Ideally, when a child receives a learning disorder diagnosis this is the first of many successful steps towards receiving the support and resources they deserve. With a team approach families, schools, and caregivers can unify around the unique needs of the child, steering her towards academic success and social happiness.
Similar results are often possible when a child receives (accurate) diagnoses such as ADHD, oppositional defiant disorder, or Autism spectrum disorder. With appropriate care and strategizing, these children are provided the opportunity to grow and flourish to the best of their abilities.
However, in some instances a child tends to fall between the cracks of a clear diagnosis. They may not start to have academic problems until a later grade, and a child who was always a verbose teacher’s pet will begin to be described as oppositional, disinterested, or problematic. With these children parents may have noticed that they began to speak and read at a young age. While amazingly curious and inquisitive, they were also a bit clumsy. Playdates and friendships were not as common or successful as with their siblings.
A Possible Explanation
For these children, the source of their challenges might be a broad syndrome known as nonverbal learning disorder (NLD). NLD is challenging for caregivers to accurately diagnose for a couple of key reasons. First, on the surface NLD shares many features with conditions such as ADHD or high-functioning Autism. Second, the diagnosis of NLD is not an ‘official’ diagnosis per the two primary systems of diagnostic coding used by medical professionals (the DSM-V and ICD-9). In combination, these factors can contribute towards misdiagnosis or ineffective treatments and interventions.
Signs & Symptoms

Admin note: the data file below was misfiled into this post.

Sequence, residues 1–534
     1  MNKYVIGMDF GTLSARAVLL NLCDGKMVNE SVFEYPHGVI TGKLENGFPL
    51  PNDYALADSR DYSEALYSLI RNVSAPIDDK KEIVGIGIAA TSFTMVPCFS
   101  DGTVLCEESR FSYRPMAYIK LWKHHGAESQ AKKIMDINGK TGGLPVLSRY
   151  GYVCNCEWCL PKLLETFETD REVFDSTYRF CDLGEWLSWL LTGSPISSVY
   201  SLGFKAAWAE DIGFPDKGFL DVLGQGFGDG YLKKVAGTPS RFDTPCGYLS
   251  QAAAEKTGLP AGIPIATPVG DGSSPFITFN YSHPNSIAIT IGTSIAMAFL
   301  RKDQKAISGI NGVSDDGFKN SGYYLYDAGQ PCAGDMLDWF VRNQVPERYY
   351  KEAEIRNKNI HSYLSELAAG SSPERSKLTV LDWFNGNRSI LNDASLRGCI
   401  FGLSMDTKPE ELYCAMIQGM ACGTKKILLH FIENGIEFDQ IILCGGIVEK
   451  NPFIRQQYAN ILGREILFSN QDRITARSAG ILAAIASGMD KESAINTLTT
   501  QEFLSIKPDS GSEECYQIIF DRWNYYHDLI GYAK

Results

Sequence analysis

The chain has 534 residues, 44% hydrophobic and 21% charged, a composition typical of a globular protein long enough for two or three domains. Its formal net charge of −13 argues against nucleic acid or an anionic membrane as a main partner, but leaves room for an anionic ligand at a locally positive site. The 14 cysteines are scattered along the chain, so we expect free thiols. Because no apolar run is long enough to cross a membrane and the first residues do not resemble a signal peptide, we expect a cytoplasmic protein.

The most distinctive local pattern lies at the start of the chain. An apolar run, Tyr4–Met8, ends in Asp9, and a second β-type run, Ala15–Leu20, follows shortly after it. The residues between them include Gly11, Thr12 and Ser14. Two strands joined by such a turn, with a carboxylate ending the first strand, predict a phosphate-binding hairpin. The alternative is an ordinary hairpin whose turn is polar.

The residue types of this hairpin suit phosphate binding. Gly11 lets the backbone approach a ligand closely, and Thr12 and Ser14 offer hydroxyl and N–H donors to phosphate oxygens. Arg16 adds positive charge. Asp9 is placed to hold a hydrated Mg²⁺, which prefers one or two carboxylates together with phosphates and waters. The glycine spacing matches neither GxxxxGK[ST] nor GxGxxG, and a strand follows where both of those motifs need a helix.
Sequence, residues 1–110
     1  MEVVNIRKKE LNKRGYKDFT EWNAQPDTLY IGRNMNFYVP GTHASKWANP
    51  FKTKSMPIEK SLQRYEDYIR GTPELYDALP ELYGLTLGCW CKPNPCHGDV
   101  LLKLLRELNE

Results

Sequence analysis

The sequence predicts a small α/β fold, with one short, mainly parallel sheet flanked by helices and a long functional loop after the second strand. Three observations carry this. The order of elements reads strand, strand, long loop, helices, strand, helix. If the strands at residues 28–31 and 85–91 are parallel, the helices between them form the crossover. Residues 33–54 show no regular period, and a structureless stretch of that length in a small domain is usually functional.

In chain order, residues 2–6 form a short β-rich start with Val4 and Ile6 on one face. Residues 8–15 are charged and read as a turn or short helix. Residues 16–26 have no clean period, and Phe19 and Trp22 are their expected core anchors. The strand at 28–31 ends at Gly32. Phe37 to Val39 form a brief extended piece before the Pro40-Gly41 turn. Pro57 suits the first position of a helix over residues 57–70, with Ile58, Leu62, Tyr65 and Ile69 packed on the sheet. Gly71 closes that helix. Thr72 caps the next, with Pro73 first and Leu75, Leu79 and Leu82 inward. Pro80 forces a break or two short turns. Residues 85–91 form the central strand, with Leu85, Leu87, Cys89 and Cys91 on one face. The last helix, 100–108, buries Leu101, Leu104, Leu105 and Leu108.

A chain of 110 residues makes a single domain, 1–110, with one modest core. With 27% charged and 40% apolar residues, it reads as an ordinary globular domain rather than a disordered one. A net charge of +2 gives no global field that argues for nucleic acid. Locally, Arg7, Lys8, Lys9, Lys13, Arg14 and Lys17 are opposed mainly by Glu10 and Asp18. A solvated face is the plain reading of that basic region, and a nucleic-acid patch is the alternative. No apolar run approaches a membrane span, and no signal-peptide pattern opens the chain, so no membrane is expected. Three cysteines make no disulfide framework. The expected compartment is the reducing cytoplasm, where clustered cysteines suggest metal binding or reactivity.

NLD is not related to difficulties with verbal speech. Children with NLD are often described as precocious and bright with expansive vocabularies. The challenge lies in their poor organizational, visual-spatial, and motor skills. They tend to be quite concrete, and struggle in social situations requiring interpretation of body language and facial expressions. As they grow towards adolescence, these deficits can lead to powerful emotions of frustration and inadequacy, as they often feel misunderstood by teachers, parents, and peers. A few possible symptoms of NLD include:
- Very strong verbal skills, vocabulary, and rote memory
- Great attention to detail, but struggles to see the ‘big picture’
- Struggles with math, particularly word problems
- Appears naïve or gullible, despite being a bright child
- Poor relationships with peers, comes across as awkward or unaware
- Becomes more depressed, anxious, or moody as they grow older
- Difficulty with differentiating between abstract and concrete concepts
- Tends to misunderstand or be misunderstood in social situations
- Finally, keep in mind that unlike ADHD, NLD is equally present in girls and boys
Where to Turn?
The most accurate way to determine if a child has NLD is through a comprehensive neuropsychological assessment. A detailed interview and strategic testing can provide valuable insight into correctly identifying the specific challenges a child is facing.
For parents interested in learning more about NLD, below are a couple of links you might find helpful:
If you are concerned that your child is demonstrating symptoms of NLD, please feel encouraged to contact Summit Neuropsychology for a consultation. If for any reason we are not the right fit (e.g. your child is younger than clients Dr. Nichols usually works with) we will make every effort to find you an appropriate referral in the community.